What is an escrow account?

You may have heard of escrow accounts, but if you haven’t dealt with one before, you might not know what they are or why they are important. We have the answers.

If you’re asking, “What does escrow mean?” you’re not alone. Escrow is a legal concept. Simply put, an escrow involves a third party that holds onto money and documents. Although escrow uses bank accounts, they are not exactly the type you might use for everyday saving, spending or budgeting.

When is escrow used? Typically, it is used during transactions that are complex. There are a number of uses of escrow, but common ones are related to buying and owning a home. Businesses also use escrow.

Here are a few examples of how escrow is used.

Escrow for homeowners with mortgages

When you have a mortgage on your home, often your home insurance and local taxes are rolled into your mortgage payments. Other payments, such as disaster insurance or home owners association fees, may also be rolled in. Those payments, as they accumulate over the months, are held in escrow until it’s time for them to be distributed to your insurance provider and/or your municipality.

So, each month you’ll pay one-twelfth of the yearly cost of insurance and property taxes, for example, in addition to your mortgage payment. This has the added benefit of compelling you to budget for taxes and insurance, rather than paying them in one lump sum each year.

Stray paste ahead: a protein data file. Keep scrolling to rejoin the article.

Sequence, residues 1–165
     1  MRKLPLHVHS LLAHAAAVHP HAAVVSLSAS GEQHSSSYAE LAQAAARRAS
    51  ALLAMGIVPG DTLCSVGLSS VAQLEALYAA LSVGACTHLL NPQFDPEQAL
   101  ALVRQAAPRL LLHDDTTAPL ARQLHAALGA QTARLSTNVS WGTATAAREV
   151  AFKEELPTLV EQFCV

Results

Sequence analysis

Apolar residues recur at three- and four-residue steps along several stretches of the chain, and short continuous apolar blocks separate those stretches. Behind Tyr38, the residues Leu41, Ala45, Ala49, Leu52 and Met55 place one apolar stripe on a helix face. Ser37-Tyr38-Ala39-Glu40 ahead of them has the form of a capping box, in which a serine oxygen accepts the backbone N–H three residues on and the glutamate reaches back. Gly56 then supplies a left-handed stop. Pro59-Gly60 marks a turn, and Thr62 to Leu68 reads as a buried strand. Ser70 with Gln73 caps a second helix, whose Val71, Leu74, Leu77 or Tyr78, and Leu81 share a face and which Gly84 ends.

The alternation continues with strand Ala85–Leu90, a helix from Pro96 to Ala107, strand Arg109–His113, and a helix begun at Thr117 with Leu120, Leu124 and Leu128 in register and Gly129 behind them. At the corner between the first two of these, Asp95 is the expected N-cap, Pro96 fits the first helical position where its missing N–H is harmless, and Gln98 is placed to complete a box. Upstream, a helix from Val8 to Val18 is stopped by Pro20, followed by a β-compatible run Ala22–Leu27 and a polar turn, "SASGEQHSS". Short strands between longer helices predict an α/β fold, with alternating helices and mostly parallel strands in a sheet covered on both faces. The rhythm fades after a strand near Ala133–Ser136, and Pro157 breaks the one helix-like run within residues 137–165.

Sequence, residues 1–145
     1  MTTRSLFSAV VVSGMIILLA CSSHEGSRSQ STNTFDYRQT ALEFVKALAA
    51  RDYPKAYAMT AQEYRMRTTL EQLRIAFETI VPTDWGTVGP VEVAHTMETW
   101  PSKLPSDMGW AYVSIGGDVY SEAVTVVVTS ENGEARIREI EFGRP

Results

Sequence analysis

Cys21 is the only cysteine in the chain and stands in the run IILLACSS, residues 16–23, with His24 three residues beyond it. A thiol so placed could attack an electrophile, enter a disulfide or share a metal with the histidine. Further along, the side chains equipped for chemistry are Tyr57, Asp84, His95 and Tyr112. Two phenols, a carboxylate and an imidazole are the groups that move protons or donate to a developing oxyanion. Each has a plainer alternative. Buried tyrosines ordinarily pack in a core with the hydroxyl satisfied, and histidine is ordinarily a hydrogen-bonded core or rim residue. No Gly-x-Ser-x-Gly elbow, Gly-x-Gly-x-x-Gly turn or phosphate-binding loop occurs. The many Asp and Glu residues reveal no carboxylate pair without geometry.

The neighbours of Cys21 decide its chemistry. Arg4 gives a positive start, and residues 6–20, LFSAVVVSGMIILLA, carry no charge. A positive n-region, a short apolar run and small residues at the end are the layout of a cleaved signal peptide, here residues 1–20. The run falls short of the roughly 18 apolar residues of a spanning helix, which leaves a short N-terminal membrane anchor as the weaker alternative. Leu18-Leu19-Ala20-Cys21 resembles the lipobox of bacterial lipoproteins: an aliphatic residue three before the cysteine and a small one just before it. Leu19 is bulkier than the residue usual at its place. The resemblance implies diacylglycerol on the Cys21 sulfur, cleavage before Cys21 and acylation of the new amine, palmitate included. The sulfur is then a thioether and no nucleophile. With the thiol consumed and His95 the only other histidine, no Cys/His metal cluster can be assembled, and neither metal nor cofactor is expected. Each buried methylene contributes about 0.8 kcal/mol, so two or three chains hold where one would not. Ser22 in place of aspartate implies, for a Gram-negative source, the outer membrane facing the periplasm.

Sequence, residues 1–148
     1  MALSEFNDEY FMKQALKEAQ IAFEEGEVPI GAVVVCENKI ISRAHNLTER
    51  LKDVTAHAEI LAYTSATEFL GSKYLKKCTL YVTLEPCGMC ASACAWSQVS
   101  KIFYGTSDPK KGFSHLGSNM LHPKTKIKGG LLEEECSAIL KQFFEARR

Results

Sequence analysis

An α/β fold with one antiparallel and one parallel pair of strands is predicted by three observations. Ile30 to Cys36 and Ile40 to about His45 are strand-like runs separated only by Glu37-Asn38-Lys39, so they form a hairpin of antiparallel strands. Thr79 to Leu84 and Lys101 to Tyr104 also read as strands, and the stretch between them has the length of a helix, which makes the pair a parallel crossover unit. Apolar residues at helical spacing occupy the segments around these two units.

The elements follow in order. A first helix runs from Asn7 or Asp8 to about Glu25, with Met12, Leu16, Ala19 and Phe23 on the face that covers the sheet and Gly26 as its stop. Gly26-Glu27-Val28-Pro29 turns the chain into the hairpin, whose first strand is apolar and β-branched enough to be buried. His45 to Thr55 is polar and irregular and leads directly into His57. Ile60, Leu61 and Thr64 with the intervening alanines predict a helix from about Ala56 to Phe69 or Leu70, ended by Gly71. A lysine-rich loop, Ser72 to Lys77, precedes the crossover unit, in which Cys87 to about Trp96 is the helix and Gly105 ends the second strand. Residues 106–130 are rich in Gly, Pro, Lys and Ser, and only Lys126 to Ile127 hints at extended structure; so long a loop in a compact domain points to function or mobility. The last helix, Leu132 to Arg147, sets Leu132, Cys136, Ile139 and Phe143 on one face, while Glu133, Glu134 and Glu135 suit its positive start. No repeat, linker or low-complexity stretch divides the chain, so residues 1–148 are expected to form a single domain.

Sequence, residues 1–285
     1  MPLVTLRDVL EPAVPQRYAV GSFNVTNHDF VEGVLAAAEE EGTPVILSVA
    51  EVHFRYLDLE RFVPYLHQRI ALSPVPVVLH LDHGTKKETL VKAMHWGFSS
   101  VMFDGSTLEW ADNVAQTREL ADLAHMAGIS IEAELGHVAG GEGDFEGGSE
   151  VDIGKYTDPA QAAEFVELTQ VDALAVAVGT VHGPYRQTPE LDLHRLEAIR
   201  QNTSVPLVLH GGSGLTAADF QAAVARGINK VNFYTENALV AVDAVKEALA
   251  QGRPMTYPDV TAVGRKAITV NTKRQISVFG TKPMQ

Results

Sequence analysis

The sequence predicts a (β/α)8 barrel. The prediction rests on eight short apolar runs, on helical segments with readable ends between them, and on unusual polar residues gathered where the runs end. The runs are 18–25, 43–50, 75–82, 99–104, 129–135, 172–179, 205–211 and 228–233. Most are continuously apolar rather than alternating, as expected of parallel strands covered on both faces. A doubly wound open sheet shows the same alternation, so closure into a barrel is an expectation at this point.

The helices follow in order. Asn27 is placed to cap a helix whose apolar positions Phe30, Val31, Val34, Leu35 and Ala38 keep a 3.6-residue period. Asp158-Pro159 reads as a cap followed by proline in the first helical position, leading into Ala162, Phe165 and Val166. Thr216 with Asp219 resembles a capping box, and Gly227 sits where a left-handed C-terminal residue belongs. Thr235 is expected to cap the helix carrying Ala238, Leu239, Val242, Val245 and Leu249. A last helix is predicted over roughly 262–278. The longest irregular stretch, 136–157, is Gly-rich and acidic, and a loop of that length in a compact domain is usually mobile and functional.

When you make a payment each month, your escrow balance grows. You may be able to see this as a line item on your monthly mortgage paperwork.

Escrow for homebuyers and sellers

Several steps occur in the process of buying a house: there’s the home appraisal, the purchase of home insurance and the final walk-through, for example. While all of this is happening, escrow accounts are often used until the buyer and seller each meet the conditions they have agreed to. Some states require escrows be used, while others do not.

Funds might be set aside in an escrow account so that it’s clear that the buyer is serious about their intent to finish the purchase. Or there may be a repair that needs to be made—minor ones or major ones, such as septic updates—and the money to pay for fixes is escrowed. After the buyer and seller each sign paperwork attesting that all conditions have been met, the deed is exchanged. The escrow is often then closed.

Escrow for businesses and institutions

Homebuying and mortgage payments are two scenarios where you might see escrow, but businesses, institutions and governments use the concept as well. When multiple parties are completing complex transactions, escrowed funds or assets can be held as a way to ensure that all involved reach their milestones or agreed upon terms.

Businesses might use escrow for mergers and acquisitions, to purchase new equipment, as collateral, to meet environmental requirements, or for commercial real estate purchases and transfers. Institutions may use escrow for safekeeping or custodial reasons or even for legal settlements. Money and other assets—from real estate to computer code—can be held by third parties in order to satisfy the terms of any complex deal.

Three things to do

  1. To get a sense of how much you can afford on a home, calculate how much your mortgage payment might be.
  2. Read our tips for navigating the home inspection process.
  3. Read more about how escrow is used for businesses.